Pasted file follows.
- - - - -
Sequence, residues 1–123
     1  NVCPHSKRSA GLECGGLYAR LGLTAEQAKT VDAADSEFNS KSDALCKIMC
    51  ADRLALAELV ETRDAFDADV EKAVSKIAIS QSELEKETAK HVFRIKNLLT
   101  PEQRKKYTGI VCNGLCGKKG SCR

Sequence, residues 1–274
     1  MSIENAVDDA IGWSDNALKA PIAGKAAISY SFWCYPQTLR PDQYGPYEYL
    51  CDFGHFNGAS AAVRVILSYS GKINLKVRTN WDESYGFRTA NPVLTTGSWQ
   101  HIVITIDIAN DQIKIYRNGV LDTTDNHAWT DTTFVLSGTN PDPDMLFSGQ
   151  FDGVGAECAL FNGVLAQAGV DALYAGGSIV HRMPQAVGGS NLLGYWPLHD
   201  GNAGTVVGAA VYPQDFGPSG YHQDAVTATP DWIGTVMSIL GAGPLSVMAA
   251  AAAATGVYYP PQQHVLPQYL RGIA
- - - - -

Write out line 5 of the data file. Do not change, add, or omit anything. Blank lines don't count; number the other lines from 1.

Sequence, residues 1–274